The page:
It was recently pointed out to me that I pronounce “any” ( and the related anything, anymore, etc.) as /ˈɪn.i/ instead of /ɛn.i/. Does anyone know a regional variation of American English that has this /ɛ/ to /ɪ/ shift here?

  • 4
    – Nardog
    Commented Nov 19, 2019 at 8:15
  • Variation in vowels is correlated not only with regional speech, but also with socioeconomic status and political views. There's more involved than where you live.
    – jlawler
    Commented Nov 19, 2019 at 17:17

1 Answer 1


There is the pen/pin merger in the South and Northern Ohio. But that doesn't necessarily explain your observation. I also pronounce "any" and "innie" the same, but I'm from Seattle and don't have that particular merger at all. You should consider other similar examples: many / mini (the former has ɛ/ɪ in free variation). For me the change only involves two words, not for example Benny, penny, Denny, Henny, Jenny, Kenny, Lenny (okay, there is a name-forming pattern underlying most of these), nor semi-, demi-, hemi-.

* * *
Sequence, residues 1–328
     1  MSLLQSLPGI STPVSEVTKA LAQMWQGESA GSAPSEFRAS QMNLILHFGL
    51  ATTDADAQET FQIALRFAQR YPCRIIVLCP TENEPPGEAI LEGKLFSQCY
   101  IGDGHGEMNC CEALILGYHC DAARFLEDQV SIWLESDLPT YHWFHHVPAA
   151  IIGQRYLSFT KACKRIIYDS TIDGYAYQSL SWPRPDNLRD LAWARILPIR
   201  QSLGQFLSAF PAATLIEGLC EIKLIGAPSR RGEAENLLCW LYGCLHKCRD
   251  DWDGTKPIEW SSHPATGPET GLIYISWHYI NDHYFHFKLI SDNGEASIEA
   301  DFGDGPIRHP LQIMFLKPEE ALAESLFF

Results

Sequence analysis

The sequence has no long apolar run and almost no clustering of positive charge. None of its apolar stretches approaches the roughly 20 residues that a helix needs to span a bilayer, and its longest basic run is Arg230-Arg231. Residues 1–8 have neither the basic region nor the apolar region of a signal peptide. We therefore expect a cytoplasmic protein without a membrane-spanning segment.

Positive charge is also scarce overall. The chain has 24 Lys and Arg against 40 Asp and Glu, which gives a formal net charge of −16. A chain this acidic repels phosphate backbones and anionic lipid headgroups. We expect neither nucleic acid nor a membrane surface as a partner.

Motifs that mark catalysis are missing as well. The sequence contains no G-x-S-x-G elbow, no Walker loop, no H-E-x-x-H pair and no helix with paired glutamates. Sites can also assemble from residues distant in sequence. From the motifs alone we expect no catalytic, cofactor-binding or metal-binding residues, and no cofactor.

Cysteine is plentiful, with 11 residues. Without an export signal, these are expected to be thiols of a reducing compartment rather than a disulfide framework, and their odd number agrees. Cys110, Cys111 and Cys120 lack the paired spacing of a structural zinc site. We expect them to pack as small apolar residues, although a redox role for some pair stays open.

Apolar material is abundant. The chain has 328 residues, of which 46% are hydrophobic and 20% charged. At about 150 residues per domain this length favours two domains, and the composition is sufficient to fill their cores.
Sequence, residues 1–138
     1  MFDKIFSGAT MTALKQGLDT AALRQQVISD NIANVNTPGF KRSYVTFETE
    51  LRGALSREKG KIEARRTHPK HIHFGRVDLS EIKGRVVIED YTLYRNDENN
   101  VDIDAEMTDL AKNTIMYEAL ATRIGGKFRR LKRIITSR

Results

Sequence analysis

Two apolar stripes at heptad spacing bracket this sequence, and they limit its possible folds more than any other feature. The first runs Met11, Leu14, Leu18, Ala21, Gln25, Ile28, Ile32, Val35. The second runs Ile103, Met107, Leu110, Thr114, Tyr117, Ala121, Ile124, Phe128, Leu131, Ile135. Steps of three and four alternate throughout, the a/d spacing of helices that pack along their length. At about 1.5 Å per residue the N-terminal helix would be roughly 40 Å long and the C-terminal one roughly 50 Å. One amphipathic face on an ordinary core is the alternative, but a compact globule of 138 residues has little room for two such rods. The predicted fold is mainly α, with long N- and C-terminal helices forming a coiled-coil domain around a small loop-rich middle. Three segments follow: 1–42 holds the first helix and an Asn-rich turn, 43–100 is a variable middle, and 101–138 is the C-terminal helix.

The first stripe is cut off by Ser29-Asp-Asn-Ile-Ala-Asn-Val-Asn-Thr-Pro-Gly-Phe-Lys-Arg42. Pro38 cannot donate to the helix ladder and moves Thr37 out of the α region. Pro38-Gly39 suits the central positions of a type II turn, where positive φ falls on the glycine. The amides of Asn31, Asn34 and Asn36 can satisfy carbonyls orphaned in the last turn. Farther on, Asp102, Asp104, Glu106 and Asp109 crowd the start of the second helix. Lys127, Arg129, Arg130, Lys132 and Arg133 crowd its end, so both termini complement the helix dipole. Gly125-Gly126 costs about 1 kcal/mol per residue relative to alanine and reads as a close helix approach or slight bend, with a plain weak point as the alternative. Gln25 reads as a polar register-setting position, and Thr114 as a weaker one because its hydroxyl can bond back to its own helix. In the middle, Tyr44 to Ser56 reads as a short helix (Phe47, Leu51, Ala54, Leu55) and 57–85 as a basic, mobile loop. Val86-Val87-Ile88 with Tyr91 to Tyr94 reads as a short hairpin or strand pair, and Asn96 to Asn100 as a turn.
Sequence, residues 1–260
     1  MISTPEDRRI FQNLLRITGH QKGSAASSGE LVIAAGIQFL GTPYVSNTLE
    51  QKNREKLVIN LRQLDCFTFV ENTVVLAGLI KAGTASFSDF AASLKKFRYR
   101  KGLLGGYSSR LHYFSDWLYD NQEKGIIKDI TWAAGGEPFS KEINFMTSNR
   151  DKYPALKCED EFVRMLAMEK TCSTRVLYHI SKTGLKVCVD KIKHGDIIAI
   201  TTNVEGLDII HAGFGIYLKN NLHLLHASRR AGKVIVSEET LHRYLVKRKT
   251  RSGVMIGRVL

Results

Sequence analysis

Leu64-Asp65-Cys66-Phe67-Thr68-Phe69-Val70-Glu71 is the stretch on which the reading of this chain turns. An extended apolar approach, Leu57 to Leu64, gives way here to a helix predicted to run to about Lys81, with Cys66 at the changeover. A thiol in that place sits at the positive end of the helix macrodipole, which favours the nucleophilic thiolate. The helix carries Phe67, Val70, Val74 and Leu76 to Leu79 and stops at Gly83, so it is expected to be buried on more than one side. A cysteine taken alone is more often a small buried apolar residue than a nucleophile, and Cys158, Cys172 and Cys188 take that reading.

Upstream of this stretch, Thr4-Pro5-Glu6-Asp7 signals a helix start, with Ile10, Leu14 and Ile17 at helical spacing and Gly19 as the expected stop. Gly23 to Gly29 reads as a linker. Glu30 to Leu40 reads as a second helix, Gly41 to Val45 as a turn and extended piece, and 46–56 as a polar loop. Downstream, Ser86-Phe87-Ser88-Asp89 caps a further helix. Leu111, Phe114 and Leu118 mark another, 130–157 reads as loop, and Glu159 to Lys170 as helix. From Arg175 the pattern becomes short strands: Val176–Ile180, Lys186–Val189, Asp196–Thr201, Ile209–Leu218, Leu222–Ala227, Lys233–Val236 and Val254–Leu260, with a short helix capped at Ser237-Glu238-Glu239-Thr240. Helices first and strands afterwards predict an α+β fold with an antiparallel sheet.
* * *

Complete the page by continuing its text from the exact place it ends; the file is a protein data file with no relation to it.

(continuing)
• Interesting, I also live in Western Washington and have an intermediate articulation in “many”, but don’t have the pin/pen merger. As far as I can tell, this isn’t a documented feature in “Pacific Northwest” or Western American English. Looks like my friends will be having to put up with some informal surveys.
    – Andrew
    Commented Nov 19, 2019 at 18:44

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